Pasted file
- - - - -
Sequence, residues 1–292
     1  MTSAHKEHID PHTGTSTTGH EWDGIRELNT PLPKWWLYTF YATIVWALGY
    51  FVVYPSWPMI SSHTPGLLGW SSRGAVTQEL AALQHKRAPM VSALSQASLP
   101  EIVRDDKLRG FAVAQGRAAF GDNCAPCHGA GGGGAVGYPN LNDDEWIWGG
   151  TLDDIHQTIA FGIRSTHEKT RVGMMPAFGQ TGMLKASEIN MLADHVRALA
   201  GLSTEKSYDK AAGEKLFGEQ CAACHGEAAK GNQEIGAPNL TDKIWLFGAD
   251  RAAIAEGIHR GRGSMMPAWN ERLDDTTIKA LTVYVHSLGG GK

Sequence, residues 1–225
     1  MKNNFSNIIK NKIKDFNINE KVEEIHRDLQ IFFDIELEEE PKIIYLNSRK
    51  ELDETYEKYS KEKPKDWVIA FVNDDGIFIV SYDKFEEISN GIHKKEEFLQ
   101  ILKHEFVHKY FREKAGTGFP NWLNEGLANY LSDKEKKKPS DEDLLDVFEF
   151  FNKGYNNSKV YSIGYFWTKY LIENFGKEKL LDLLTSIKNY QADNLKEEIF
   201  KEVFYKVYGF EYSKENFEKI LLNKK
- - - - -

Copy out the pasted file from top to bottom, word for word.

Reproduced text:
Sequence, residues 1–292
     1  MTSAHKEHID PHTGTSTTGH EWDGIRELNT PLPKWWLYTF YATIVWALGY
    51  FVVYPSWPMI SSHTPGLLGW SSRGAVTQEL AALQHKRAPM VSALSQASLP
   101  EIVRDDKLRG FAVAQGRAAF GDNCAPCHGA GGGGAVGYPN LNDDEWIWGG
   151  TLDDIHQTIA FGIRSTHEKT RVGMMPAFGQ TGMLKASEIN MLADHVRALA
   201  GLSTEKSYDK AAGEKLFGEQ CAACHGEAAK GNQEIGAPNL TDKIWLFGAD
   251  RAAIAEGIHR GRGSMMPAWN ERLDDTTIKA LTVYVHSLGG GK

Sequence, residues 1–225
     1  MKNNFSNIIK NKIKDFNINE KVEEIHRDLQ IFFDIELEEE PKIIYLNSRK
    51  ELDETYEKYS KEKPKDWVIA FVNDDGIFIV SYDKFEEISN GIHKKEEFLQ
   101  ILKHEFVHKY FREKAGTGFP NWLNEGLANY LSDKEKKKPS DEDLLDVFEF
   151  FNKGYNNSKV YSIGYFWTKY LIENFGKEKL LDLLTSIKNY QADNLKEEIF
   201  KEVFYKVYGF EYSKENFEKI LLNKK